Let’s start the local single-node Kubernetes cluster:

minikube start --vm-driver=virtualbox

This command creates a Virtual Machine that runs a Minikube cluster using the VirtualBox driver. The default context in kubectl will now be minikube. However, to be able to switch between contexts, we use:

kubectl config use-context minikube

After starting Minikube, we can connect to the Kubernetes dashboard to access the logs and monitor our services, pods, ConfigMaps, and Secrets easily:

minikube dashboard

3.1. Deployment

Firstly, let’s get our example from GitHub.

At this point, we can either run the “” script from the parent folder, or else execute each instruction one by one to get a good grasp of the procedure:

### build the repository
mvn clean install

### set docker env
eval $(minikube docker-env)

### build the docker images on minikube
cd travel-agency-service
docker build -t travel-agency-service .
cd ../client-service
docker build -t client-service .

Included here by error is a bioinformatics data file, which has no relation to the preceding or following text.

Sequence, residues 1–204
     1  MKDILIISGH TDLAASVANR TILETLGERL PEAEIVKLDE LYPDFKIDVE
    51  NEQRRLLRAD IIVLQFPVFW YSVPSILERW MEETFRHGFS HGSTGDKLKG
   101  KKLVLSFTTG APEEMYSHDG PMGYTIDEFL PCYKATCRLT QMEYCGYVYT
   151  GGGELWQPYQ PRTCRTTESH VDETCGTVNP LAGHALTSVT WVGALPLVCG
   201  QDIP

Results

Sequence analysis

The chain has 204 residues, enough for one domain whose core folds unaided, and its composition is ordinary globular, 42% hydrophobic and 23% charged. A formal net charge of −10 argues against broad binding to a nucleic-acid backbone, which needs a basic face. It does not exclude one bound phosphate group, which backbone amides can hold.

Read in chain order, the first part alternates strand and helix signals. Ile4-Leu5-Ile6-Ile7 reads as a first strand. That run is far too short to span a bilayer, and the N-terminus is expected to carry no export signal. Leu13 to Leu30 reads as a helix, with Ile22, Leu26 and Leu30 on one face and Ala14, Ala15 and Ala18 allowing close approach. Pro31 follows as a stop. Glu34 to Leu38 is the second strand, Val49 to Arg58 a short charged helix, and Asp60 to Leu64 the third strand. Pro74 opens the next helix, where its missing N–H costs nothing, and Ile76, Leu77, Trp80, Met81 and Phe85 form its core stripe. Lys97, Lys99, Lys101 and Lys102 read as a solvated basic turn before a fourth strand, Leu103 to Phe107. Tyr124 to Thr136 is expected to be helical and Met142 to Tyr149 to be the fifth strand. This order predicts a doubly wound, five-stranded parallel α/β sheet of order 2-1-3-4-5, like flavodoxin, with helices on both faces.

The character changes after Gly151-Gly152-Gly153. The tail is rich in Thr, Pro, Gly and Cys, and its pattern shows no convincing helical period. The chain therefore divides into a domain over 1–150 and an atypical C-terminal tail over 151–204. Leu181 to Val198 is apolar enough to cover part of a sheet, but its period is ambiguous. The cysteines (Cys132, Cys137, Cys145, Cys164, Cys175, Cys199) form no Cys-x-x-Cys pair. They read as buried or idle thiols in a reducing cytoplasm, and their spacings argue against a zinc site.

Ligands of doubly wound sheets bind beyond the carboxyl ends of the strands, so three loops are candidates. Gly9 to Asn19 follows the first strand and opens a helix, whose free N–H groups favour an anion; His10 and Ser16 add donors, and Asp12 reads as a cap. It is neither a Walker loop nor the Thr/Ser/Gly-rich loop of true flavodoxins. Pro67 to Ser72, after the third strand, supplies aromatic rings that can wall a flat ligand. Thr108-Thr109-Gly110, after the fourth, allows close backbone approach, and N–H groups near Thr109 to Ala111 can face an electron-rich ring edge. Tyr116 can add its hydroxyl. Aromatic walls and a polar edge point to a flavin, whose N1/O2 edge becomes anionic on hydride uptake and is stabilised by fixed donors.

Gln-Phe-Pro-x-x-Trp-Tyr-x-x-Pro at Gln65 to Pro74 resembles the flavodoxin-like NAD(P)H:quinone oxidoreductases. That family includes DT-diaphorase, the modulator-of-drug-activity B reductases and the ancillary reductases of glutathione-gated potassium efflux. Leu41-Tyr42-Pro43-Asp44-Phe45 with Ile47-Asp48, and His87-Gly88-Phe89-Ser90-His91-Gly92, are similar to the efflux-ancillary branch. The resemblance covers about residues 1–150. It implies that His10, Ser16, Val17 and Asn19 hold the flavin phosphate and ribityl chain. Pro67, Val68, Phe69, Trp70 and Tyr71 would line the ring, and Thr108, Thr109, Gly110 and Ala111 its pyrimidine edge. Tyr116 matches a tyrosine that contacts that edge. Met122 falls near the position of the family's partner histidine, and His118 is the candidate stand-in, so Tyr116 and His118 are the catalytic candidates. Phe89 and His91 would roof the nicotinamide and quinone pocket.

cd ..

### secret and mongodb
kubectl delete -f travel-agency-service/secret.yaml
kubectl delete -f travel-agency-service/mongo-deployment.yaml

kubectl create -f travel-agency-service/secret.yaml
kubectl create -f travel-agency-service/mongo-deployment.yaml

### travel-agency-service
kubectl delete -f travel-agency-service/travel-agency-deployment.yaml
kubectl create -f travel-agency-service/travel-agency-deployment.yaml

### client-service
kubectl delete configmap client-service
kubectl delete -f client-service/client-service-deployment.yaml

kubectl create -f client-service/client-config.yaml